HomeTop Headlines3 Dead During Mid-Flight Plane Explosion

3 Dead During Mid-Flight Plane Explosion

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A fatal plane crash took place in Franklin, Tennessee on May 15, 2024, claiming the lives of all three passengers aboard. The Williamson County Fire/Rescue confirmed the details of the accident, which occurred around 12 noon near Bending Chestnut Road and Davis Hollow Road, through a Facebook post.

The Federal Aviation Administration (FAA) identified the crashed aircraft as a single-engine Beechcraft V35 that had left Baton Rouge, Louisiana, bound for Louisville, Kentucky. The plane allegedly suffered an in-flight breakup, scattering debris over a mile-wide area. The FAA and National Transportation Safety Board (NTSB) have initiated an investigation into the crash.

During a press briefing, Chief Deputy Mark Elrod of the Williamson County Sheriff’s Office confirmed the grim details. “It was quickly evident that this would be a search-and-recovery operation, not a search-and-rescue operation,” Elrod said. “The debris field is quite extensive,” he noted. “Given its size, we can’t determine exactly where the crash began or ended.” He reported that residents in the vicinity had found debris on their properties, but no structures were damaged.

First responders were dispatched to the scene following a 911 call from a local resident who reported hearing an explosion and seeing debris. Jill Burgin, a representative for the Williamson County Emergency Management Agency, relayed the caller’s report of a possible plane crash, though the caller couldn’t provide further specifics. Upon reaching the crash site, the emergency team found no survivors.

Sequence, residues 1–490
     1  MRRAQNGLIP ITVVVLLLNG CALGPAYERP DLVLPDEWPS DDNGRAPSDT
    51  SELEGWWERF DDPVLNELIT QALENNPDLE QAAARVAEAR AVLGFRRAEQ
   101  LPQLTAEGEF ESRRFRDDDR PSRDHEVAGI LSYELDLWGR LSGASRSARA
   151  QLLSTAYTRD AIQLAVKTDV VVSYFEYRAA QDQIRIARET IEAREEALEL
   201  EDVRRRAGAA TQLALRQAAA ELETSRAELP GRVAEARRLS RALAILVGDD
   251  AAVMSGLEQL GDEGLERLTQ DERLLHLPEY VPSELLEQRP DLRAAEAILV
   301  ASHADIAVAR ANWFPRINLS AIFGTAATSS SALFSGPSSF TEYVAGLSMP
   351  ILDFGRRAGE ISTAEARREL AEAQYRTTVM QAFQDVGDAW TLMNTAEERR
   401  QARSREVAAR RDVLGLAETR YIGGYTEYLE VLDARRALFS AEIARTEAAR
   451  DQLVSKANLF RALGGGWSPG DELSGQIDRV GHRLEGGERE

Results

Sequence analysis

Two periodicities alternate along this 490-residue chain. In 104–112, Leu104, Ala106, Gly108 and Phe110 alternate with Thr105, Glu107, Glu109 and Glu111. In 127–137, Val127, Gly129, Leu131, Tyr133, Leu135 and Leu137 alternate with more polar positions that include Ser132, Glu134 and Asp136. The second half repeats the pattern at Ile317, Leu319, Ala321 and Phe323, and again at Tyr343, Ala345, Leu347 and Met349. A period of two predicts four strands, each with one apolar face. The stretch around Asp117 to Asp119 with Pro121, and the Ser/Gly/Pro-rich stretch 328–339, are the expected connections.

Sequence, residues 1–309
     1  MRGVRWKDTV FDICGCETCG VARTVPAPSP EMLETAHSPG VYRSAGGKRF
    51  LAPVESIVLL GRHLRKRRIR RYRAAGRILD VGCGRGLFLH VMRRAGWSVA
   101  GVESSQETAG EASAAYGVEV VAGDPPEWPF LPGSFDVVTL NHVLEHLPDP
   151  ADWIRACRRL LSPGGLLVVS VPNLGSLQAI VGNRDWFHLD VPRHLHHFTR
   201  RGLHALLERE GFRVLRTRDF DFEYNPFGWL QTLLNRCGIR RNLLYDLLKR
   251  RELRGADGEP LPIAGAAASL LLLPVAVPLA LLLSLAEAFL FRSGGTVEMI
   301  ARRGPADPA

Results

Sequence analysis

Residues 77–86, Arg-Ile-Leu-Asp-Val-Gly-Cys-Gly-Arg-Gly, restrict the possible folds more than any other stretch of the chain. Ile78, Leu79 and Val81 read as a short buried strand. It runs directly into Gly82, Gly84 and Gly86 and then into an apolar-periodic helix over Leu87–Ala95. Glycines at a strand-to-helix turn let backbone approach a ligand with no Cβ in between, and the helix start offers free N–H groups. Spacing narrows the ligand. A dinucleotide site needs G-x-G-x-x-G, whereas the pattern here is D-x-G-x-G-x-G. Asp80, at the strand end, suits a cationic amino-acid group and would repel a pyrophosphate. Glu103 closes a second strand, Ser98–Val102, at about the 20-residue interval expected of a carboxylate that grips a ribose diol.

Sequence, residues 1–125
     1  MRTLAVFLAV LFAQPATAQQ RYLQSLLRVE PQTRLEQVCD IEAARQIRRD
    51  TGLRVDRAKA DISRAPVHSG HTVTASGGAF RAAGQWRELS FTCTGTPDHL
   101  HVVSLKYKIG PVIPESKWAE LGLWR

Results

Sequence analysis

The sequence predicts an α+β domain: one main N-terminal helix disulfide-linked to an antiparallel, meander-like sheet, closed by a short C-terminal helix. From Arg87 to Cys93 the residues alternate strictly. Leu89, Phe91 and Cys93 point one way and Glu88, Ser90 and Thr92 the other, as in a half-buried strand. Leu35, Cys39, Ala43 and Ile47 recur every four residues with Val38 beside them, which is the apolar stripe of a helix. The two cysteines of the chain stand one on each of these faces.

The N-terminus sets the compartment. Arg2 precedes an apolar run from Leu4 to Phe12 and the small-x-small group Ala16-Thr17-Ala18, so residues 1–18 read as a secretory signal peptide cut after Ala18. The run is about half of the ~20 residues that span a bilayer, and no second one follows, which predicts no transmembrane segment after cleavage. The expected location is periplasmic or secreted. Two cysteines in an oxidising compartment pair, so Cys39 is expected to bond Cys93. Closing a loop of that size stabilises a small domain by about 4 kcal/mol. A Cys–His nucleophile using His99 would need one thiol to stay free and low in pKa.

The victims of the crash were identified as the pilot, Baton Rouge plastic surgeon Dr. Lucius “Tre” Doucet, and his two adult children, Giselle and Jean Luc. Giselle was a veterinary medicine student at the LSU School of Veterinary Medicine, and Jean Luc was an engineering student at LSU. Both were due to graduate that weekend. A family member informed local media that flying was Dr. Doucet’s favorite pastime. He is survived by one child.

The NTSB plans to review the aircraft’s maintenance records, the pilot’s flight logs, and any potential weather conditions that may have contributed to the crash as part of its investigation. The Beechcraft V35 involved in the crash was produced in 1966 and was registered under Dr. Doucet’s name earlier this year.

Todd Horton, the director of the Williamson County Emergency Management Agency, shared his condolences in a public statement. “Our hearts go out to the family members of the victims,” he said. “Additional comments will be provided by or in coordination with NTSB officials as necessary.”

The crash site is near Leiper’s Fork, Tennessee, approximately 30 miles south of Nashville. Local officials are urging people to steer clear of the area to facilitate the ongoing investigation.

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